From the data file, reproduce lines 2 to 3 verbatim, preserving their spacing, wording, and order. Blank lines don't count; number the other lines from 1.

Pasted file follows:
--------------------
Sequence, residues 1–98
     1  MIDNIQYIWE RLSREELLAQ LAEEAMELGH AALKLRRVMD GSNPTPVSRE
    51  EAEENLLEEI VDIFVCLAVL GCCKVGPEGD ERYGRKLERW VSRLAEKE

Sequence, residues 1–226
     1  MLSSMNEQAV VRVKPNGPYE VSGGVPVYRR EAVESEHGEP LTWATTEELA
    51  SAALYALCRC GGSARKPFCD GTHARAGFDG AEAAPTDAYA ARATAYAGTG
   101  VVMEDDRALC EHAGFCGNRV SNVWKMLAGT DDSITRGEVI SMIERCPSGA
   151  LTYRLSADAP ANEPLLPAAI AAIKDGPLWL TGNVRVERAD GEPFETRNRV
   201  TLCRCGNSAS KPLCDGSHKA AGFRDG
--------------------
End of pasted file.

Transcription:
     1  MIDNIQYIWE RLSREELLAQ LAEEAMELGH AALKLRRVMD GSNPTPVSRE
    51  EAEENLLEEI VDIFVCLAVL GCCKVGPEGD ERYGRKLERW VSRLAEKE